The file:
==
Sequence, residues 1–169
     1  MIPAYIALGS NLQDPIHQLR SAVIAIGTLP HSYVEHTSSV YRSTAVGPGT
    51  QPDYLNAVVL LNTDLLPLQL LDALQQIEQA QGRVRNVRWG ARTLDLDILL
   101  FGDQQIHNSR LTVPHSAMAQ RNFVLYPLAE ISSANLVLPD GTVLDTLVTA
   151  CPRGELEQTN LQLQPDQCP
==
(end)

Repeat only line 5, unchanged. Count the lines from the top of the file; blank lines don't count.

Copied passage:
   151  CPRGELEQTN LQLQPDQCP